Placating the feds. The industry's scrutiny is a minor worry compared with the ongoing federal investigations. Within the past few weeks, it has been revealed that numerous former employees have filed whistleblower lawsuits against the corporation. It also was revealed that Columbia was formally under criminal investigation. More than 500 investigators representing at least five federal agencies have Columbia in their sights.
Columbia's legal entanglements are far from over and could drag on for years. That's something Wall Street can bank on. Frist has pledged his full cooperation to help resolve the allegations of wrongdoing. He's even engaged the law firm of Latham & Watkins to work with the feds. Yet, the same Frist remains locked in battle with the Internal Revenue Service over numerous tax-related issues dating back to HCA days.
Why invest in Columbia? Frist's final challenge is to deal with Wall Street, which has rewarded Columbia for its phenomenal earnings growth in recent years.
But if Frist honors his promise to transform Columbia into a kinder, more genteel organization, there is no way such earnings growth will continue. Once Columbia abandons aggressive acquisitions, market consolidation strategies, home health services, the economic integration of its physicians, and other practices, it simply won't yield the same kinds of returns to its investors.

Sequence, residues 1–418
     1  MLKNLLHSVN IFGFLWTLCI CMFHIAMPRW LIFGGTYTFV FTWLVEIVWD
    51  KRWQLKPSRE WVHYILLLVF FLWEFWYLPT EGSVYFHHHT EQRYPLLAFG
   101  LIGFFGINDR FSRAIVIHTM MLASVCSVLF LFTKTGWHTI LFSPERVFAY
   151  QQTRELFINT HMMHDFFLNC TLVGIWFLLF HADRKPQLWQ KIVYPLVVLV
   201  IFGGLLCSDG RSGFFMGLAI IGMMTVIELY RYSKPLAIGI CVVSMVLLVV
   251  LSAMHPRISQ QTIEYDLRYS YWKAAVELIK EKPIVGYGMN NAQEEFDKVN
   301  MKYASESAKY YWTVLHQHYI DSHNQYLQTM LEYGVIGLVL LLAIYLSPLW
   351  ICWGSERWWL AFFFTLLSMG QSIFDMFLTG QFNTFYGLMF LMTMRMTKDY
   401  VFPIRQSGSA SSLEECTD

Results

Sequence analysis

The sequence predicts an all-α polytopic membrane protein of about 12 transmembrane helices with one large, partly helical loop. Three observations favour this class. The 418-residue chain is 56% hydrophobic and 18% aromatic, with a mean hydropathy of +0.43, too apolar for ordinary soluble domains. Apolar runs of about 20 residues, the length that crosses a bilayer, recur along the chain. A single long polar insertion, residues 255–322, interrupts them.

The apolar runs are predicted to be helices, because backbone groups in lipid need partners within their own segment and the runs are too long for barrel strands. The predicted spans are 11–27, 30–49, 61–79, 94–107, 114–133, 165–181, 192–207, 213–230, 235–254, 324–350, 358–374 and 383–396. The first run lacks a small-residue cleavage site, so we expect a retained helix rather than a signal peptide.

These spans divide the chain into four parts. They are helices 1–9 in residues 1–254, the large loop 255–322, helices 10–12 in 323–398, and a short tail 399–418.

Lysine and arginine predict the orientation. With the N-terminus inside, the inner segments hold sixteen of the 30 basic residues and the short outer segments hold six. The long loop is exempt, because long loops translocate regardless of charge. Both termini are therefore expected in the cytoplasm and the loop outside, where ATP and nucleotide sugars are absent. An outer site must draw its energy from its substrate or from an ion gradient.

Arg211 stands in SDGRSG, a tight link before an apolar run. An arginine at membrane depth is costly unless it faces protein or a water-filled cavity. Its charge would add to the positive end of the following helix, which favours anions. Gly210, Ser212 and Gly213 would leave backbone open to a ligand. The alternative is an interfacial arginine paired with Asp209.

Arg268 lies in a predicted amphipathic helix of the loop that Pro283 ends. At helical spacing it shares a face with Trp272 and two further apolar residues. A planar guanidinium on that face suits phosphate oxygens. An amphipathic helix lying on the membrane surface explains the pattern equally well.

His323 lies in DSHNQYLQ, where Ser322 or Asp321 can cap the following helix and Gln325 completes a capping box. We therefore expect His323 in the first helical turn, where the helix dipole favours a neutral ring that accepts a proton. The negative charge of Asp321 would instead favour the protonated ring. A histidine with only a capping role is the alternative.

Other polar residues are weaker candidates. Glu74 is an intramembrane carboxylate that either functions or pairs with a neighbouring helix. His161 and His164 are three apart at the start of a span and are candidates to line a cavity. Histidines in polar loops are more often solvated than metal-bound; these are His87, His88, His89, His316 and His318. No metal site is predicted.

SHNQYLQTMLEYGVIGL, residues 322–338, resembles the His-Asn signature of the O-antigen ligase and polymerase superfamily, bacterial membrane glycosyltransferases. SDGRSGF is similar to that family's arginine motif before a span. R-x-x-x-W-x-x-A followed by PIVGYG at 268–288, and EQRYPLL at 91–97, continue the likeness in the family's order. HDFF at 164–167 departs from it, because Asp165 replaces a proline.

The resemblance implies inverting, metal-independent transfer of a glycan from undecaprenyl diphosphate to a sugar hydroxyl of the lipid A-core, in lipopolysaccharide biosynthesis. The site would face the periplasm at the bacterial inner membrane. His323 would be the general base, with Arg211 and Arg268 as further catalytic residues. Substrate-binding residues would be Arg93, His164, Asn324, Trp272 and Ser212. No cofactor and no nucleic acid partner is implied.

But, as previously indicated, the stock hasn't taken a severe plunge since the resignations. Maybe this is a comment on the astuteness of Wall Street analysts who follow the company.
Shortly after the El Paso debacle, Dean Witter Reynolds analyst Todd Richter told the Wall Street Journal, "Nobody I've spoken with believes (the investigation) will broaden beyond El Paso." He was not alone in his myopia.
These analysts should start listening to people such as Kathleen Haley, assistant U.S. attorney overseeing the Columbia case, who has publicly stated that there's plenty more in store for Columbia.
Tenet's example. Although Columbia's obstacles are significant, the company can take heart from the example of Tenet Healthcare Corp., which rose from the ashes of National Medical Enterprises. Tenet paid close to $400 million in fines in 1994 as a result of NME's previous business practices. Furthermore, it agreed to pay $100 million in July this year to settle claims by former NME patients and their families. Despite these financial drains, Tenet remains a viable and highly respected company.
Columbia and its 250,000 employees are not going to vanish quickly from the healthcare landscape. The question is what will rise from its ashes. A phoenix? Or a buzzard that continues to prey on the industry?
Leifer, a former regional vice president for Columbia, is chief executive of the Leifer Group, an Overland Park, Kan., consulting firm.